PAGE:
Saturday, July 26, 2008

Ironman Lake Placid- Part IV

The run. Never easy in the ironman.

I came in off the bike. There was someone to take it right away as soon as I dismounted, which was nice. I kept my helmet with me and tried to run, but I couldn't. Still, I was upright. That's better than Florida, where my right knee buckled and I collapsed as my bike was wheeled out from under me. Also, my right ankle, which usually aches for the first five minutes after I get off the bike, didn't. But I couldn't. I stumbled to the porta-potty, peed, and then headed for my bags, which I once again self serviced to save time.

In the tent, I was quick, even though I was changing from the cycling jersey, which chafes my neck when I run, to the Elite singlet. I wanted to give Dave some props out there. I shoved a clif block in each pocket and started running. But I was hurting. See the picture below.

I told myself that with the conditions of my calves, I should focus on running the first half of the marathon and then re-evaluate my condition. Finishing was never a question, and I'd come out onto the run course at around 7 hours, so I knew I was still in contention to qualify and even crack the top ten in my age group based on historical data- but only if I could run. And I didn't think I could.

The beauty of the Lake Placid course is that downhill start to the run- much of the first four miles is either downhill or slants down. However, when both your calves are in danger of a race-ending cramp, downhill is bad. You have to baby the downhills. Still, I started out really well. That short-stride ironman run is really well-suited to cramp-ready legs. I started passing people and set a nice solid pace. When I passed the fairgrounds and went into the steep downhill on the bridge, I really backed off.

I have to admit that as much as I love the Lake Placid race, I hate the 'out-and-back' at at the bottom of the hill and my biggest regret is not running the marathon course this June (or ever), outside the race. It's just 2.5 miles or so each way, but it just goes on and on and on. And it's not flat. Sometimes it's downhill, sometimes it's up hill, and either way, you get the opposite later.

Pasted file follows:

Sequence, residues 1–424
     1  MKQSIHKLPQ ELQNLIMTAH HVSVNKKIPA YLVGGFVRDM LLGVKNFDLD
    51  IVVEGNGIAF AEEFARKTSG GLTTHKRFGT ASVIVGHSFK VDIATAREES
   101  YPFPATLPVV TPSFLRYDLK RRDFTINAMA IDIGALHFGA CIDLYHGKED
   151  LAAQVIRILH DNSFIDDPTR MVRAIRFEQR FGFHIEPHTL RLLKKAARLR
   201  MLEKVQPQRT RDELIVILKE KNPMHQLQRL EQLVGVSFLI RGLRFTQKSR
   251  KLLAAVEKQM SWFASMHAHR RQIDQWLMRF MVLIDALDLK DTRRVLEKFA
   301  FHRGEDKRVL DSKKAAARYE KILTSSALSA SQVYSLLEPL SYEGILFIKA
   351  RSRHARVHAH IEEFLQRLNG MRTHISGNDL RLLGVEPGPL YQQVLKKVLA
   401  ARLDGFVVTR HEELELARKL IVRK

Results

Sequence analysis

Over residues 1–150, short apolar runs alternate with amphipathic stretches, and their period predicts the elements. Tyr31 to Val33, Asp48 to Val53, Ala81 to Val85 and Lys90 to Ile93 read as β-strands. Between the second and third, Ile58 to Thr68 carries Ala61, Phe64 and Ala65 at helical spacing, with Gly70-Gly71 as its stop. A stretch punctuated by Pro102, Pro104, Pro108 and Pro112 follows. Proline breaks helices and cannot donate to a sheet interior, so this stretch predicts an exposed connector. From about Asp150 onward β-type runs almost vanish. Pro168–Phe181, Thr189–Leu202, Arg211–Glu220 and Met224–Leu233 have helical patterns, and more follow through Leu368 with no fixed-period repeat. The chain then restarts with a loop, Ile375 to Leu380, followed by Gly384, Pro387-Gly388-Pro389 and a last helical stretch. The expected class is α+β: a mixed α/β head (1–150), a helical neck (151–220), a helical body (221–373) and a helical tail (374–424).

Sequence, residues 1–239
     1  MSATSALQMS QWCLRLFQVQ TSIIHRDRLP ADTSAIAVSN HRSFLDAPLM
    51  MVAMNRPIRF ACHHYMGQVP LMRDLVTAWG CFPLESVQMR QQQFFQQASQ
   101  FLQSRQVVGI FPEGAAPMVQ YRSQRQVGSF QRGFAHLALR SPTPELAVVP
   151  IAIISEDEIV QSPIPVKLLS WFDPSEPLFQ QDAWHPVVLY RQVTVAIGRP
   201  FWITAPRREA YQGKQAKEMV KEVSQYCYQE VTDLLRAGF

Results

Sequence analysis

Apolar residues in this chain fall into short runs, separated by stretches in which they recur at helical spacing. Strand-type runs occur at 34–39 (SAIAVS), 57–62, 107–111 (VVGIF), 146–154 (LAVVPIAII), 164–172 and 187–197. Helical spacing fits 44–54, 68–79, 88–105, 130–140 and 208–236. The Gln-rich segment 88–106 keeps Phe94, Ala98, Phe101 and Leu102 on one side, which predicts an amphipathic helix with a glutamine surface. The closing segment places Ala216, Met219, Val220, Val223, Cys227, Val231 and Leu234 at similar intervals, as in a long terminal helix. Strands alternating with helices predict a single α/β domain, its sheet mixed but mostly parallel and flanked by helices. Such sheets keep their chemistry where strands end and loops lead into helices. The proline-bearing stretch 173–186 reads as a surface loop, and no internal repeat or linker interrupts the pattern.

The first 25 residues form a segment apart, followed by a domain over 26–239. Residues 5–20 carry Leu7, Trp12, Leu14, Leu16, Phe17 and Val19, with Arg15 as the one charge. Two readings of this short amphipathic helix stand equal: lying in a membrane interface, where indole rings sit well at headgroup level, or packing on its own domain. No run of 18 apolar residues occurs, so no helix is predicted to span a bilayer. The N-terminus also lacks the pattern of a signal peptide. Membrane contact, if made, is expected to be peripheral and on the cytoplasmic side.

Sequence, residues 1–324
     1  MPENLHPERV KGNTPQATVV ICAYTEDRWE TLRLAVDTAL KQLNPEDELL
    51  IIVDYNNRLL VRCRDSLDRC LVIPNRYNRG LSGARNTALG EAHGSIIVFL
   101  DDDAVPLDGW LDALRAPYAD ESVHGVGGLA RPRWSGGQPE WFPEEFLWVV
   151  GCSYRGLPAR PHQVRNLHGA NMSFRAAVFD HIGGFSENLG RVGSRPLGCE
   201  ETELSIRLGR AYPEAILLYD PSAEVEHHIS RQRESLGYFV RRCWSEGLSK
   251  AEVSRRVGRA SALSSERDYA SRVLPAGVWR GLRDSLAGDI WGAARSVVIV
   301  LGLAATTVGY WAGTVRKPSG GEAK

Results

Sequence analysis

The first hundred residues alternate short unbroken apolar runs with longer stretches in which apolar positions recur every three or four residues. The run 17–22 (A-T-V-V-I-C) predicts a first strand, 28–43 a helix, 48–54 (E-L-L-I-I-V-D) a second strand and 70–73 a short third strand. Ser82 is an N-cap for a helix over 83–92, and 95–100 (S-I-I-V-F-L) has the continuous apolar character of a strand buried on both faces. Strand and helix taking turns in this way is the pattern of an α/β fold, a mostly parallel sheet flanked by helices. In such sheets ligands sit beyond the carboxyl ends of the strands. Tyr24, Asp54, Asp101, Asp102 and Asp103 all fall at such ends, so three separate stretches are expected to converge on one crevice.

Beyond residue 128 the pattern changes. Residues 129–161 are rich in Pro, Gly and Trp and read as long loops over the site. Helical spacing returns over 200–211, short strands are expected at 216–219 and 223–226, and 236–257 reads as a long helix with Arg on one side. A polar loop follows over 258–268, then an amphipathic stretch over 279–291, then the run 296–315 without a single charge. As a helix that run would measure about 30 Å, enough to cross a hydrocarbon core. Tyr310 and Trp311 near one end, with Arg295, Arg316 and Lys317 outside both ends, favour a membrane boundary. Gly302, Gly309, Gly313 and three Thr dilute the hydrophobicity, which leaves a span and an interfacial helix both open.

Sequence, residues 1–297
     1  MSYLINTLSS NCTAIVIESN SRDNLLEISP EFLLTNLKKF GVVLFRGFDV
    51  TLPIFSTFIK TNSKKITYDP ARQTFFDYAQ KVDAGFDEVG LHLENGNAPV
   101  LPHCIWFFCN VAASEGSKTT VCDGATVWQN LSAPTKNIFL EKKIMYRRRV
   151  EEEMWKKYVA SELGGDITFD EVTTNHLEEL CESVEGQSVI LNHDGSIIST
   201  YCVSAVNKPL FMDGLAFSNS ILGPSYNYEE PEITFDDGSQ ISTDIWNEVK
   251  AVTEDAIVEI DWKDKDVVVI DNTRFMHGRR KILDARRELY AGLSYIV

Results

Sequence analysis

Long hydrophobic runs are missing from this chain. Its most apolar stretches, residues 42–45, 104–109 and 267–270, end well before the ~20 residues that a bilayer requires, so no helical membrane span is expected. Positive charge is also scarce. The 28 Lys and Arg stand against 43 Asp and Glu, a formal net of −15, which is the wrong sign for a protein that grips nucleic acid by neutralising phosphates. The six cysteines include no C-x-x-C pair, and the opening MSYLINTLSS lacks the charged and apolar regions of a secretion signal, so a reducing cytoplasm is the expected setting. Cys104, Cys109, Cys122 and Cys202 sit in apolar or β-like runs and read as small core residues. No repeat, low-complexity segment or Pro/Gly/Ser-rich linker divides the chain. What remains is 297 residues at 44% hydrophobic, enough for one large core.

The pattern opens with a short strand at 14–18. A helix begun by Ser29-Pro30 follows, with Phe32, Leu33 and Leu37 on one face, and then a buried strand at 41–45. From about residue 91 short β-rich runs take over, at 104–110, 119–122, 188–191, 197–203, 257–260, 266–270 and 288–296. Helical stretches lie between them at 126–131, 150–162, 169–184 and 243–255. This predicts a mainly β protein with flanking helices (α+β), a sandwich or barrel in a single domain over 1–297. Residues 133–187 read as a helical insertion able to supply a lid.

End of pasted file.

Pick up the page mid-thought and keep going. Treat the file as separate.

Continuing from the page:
I think what makes the section daunting is that it is comparatively flat to the rest of the run course. Coming onto it off the downhill is kind of a, well, a downer. I remember taking my first banana part in this section. I was hoping the potassium would help fend off cramps. I also took some electrolytes, although many of the 'pills' had turned to power.. I climbed the biggest hill in this section, a hump really, still running well- I did stop to use the porta-potty at some point.

Then it happened. That damn out and back. So far out. Finally I made it to that damn far-off cone, but I was already beat up mentally. I felt like I was struggling to maintain my pace and as each mile ticked off, I was calculating where I want to be at the half-marathon point- somewhere around 8:45. I was not really keeping track of how fast each mile was, that gets in your head.

I finally made it back to the Ironman inspiration station. I got the generic 1232- alan macdougall- 'You're a winner' message. I saw Margit going out shortly after that- she looked like she was running well and I guess I looked better than I had, so we slapped hands and then I worked as best I could to the end of the out and back.

I took it really easy up that long hill, then worked harder on flatter section. I started feeling better as I went by the fairgrounds, and basically just ran solid to that great big uphill into town. I did not walk the uphill. As I turned the corner at the Mobil station I heard Eric and someone else and felt like I was doing OK. I finally climbed up onto the second out and back and I was hurting. The turn-around on this second out and back is also WAY out there, at the same place the bikes come out onto the road. Any out and back gets magnified in distance at a time like this. I saw Steve and Chuck and just pushed to get there.

And then I turned at the cone and suddenly I was running downhill again and I felt better. I soon saw the first woman mountain bike and the race winner for the women coming up the out-and-back as I was going down. I found another gear. I did not want to be lapped by the winning woman.

Before I knew it, I had indeed run half the marathon, and I was even on pace. But there was another 13+ miles left....

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